Telecommunications companies that helped the government eavesdrop on domestic phone and computer lines between 2001 and 2007 without court orders can escape civil lawsuits if the government certifies they acted with the president's authorization, under a draft Senate bill.

But Sen. Chris Dodd, a Democratic presidential candidate, has said he will put a "hold" on the legislation, effectively preventing it from getting to a floor vote.

The legislation, being debated Thursday in the Senate Intelligence Committee, would remove a major obstacle to a new government eavesdropping bill which the White House has vowed to veto unless it immunizes telecom companies from lawsuits.

But approval by the intelligence panel doesn't guarantee smooth sailing for the legislation, even without Dodd's hold. It still must get the blessing of the Senate Judiciary Committee, whose top Republican and Democratic members have expressed skepticism about the immunity provision. And the bill remains stalled in the House, where it ran aground Wednesday in a partisan dispute over the immunity issue and the broader question of how much oversight power the courts should have over surveillance.

The bill was crafted in a compromise with the White House after some members of the intelligence panel and senior staff were allowed to read classified documents the administration provided relating to warrantless wiretapping. The documents have not been shared with the Judiciary Committee, which subpoeaed them in June.

The draft bill would direct civil courts to dismiss lawsuits against telecommunications companies if the attorney general certifies that the company rendered assistance between Sept. 11, 2001 and Jan. 17, 2007, in response to a written request authorized by the president, to help detect or prevent an attack on the United States.

Suits also would be dismissed if the attorney general certifies that a company named in the case provided no assistance to the government. The public record would not reflect which certification was given to the court, according to Democratic and Republican aides who spoke on condition of anonymity because the committee had not yet acted.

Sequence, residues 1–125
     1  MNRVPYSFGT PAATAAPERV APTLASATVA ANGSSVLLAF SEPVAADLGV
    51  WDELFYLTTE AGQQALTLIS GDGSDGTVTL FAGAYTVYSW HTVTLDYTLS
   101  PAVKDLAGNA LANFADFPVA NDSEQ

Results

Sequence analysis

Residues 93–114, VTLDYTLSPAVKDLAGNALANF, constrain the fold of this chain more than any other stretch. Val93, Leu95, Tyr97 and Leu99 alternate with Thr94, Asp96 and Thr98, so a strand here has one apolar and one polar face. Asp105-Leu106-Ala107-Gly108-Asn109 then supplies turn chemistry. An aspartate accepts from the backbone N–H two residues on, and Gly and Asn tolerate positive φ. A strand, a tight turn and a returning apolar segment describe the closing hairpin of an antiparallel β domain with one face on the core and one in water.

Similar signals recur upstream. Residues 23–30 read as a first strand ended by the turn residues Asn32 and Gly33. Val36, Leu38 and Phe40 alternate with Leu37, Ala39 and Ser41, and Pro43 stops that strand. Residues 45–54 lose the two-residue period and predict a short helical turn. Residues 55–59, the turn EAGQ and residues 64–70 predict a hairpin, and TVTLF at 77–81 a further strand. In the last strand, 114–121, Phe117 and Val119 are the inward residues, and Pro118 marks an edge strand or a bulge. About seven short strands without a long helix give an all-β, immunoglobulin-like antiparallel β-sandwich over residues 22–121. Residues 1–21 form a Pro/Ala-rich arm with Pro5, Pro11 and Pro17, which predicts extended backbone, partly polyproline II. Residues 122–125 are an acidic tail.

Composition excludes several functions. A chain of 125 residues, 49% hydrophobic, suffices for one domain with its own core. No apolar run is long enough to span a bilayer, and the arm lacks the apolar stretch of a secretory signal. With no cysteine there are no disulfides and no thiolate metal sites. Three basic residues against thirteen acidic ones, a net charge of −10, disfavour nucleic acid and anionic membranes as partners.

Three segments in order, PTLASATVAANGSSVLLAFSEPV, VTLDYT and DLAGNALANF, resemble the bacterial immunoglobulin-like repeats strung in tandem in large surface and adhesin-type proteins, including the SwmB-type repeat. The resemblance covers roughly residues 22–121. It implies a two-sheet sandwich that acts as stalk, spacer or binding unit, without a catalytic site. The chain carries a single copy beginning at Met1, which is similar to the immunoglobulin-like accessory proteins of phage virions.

Committee member Sen. Russell Feingold, D-Wis., said he would not support any immunity provision because the documents the panel reviewed proved to him the wiretapping activities were illegal.

"The documents made available by the White House for the first time this week only further demonstrate that the program was illegal and that there is no basis for granting retroactive immunity to those who allegedly cooperated," Feingold said in a statement.

Dodd, who was not in Washington on Thursday, said he pledged to voters to do everything he could to stop the bill from becoming law, and called the legislation "amnesty for telecommunications companies that enabled the president's assault on the Constitution by providing personal information on their customers without judicial authorization."

The bill, which would expire in six years, also would enshrine in law an executive order that requires the attorney general to certify there is probable cause to believe an American is an agent of a foreign power before the government can begin surveillance. It would amend the 1978 Foreign Intelligence Surveillance Act, the law that sets out how the government may legally conduct electronic surveillance.